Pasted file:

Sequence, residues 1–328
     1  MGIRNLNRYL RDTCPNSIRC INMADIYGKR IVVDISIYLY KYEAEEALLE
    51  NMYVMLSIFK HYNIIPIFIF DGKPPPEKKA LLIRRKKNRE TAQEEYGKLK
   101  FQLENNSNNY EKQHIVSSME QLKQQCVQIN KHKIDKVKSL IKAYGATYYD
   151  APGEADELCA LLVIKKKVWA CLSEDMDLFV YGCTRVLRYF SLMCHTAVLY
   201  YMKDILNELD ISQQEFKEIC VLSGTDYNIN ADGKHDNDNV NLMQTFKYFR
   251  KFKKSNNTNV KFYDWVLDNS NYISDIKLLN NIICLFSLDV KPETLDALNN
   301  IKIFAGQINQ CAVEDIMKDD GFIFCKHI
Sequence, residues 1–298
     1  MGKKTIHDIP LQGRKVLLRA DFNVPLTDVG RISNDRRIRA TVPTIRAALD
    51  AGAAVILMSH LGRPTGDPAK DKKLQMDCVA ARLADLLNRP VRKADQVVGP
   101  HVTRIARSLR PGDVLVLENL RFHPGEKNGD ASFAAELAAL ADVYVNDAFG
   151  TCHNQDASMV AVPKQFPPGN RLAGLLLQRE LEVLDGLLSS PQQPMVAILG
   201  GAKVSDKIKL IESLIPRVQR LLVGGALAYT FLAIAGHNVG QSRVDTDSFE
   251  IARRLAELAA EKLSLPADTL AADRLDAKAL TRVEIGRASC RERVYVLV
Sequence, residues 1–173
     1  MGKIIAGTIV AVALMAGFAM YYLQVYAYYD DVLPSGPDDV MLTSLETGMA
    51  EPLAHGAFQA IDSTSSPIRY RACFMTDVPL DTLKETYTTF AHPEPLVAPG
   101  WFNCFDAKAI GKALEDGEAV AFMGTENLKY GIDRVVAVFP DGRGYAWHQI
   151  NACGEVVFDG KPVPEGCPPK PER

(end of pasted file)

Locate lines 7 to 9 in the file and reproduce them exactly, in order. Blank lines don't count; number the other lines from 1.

   251  KFKKSNNTNV KFYDWVLDNS NYISDIKLLN NIICLFSLDV KPETLDALNN
   301  IKIFAGQINQ CAVEDIMKDD GFIFCKHI
Sequence, residues 1–298